1KatjaGrace7yDo you think AI experts deserve their notoriety at predicting? The several public predictions that I know of [https://0a0dc172-a-62cb3a1a-s-sites.googlegroups.com/site/aiimpactslibrary/ai-timelines/predictions-of-human-level-ai-dates/miri-ai-predictions-dataset/AI%20and%20no-AI%20Predictions.png?attachauth=ANoY7cpOTKqQn_LTqHEFB1ZdNRA1CbC34NOT0d3PO8szYu9eiegMcpNbQYx4X4zzElvldCpbTVKNeuB8Uht8hX4lL28LKcIfJMNqDM3pSAVov3eCBaLmuxFI040pNpJpt5goGMXNxMNyqI2I6ipFFiKOvV7gonvmbLwQdu0Kov4N1Fc71yBh6QR68nhGx5YNUYFJyxw-qmwjOhX_yJRIqxTjhmKFbSylqXPSaK2k1ZtkitGUOEh7d-_QGoiKQfgOnjctNCp4TNmEqUeNE-gwI5jTPhJGI-e2BUtjcuipfJEZXO4azLfdQqhkVJ74lJUPa4KEprVXCqYadRRpDXyNuwoW5Zfe00e_Mg%3D%3D&attredirects=0] prior to 1980 were indeed early (i.e. we have passed the time they predicted) but [Michie's survey] covers about ten times as many people and suggests that in the 70s, most CS researchers thought human-level AI would not arrive by 2014.
3V_V7yI thought that the main result by Armstrong and Sotala was that most AI experts who made a public prediction, predicted human-level AI within 15 to 20 years in their future, regardless on when they made the prediction. Is this new data? Can you have some reference on how it was obtained?
4KatjaGrace7yThat was one main result, yes. It looks like Armstrong and Sotala counted the Michie survey as one 'prediction' (see their dataset here [http://lesswrong.com/lw/e79/ai_timeline_prediction_data/]). They have only a small number of other early predictions, so it is easy for that to make a big difference. The image I linked is the dataset they used, with some modifications made by Paul Christiano and I (explained at more length here [http://www.aiimpacts.org/ai-timelines/predictions-of-human-level-ai-dates/miri-ai-predictions-dataset] along with the new dataset for download). e.g. we took out duplications, and some things which seemed to have been sampled in a biased fashion (such that only early predictions would be recorded). We took out the Michie set altogether - our graph is now of public statements, not survey data.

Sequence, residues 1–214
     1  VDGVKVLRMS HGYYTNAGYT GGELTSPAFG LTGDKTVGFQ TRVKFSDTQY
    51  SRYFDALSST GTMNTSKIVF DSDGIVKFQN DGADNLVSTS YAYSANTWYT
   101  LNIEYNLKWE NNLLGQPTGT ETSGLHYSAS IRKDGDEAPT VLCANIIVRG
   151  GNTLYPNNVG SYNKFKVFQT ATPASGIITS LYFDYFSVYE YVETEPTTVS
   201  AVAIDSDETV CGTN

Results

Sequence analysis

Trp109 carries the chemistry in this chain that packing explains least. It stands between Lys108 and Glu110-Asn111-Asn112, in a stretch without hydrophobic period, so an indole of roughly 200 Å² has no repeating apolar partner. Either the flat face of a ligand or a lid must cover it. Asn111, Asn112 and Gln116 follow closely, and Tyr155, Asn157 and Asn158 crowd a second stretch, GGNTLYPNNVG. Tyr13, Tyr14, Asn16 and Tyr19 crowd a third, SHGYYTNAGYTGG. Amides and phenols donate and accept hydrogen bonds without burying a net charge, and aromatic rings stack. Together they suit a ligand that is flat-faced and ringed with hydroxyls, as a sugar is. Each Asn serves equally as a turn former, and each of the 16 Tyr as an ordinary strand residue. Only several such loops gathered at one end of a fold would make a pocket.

I'd like to propose another possible in-depth investigation: How efficiently can money and research be turned into faster development of biological cognitive enhancement techniques such as iterated embryo selection? My motivation for asking that question is that, since extreme biological cognitive enhancement could reduce existential risk and other problems by creating people smart enough to be able to solve them (assuming we last long enough for them to mature, of course), it might make sense to pursue it if it can be done efficiently. Given the scarcity ... (read more)

2ChristianKl7ySmarter people can also come up with more dangerous ideas so it's not clear that existential risk get's lowered. I think there already plenty of money invested into that field. Agriculture wants to be able to effectively clone animals and insert new genes. Various scientists also want to be able to change genes of organisms effectively without having to wait years till your mouse get's children. Getting information information about what genes do largely depends on cheap sequencing and there a lot of money invested into getting more efficient gene sequencing.
2skeptical_lurker7yIt might be more a problem of public perception, because at the end of the day people have to be willing to use these technologies. Whichever group funds embryo selection will be denounced by many other groups, so it may be wise to find a source of funding that is difficult to criticise.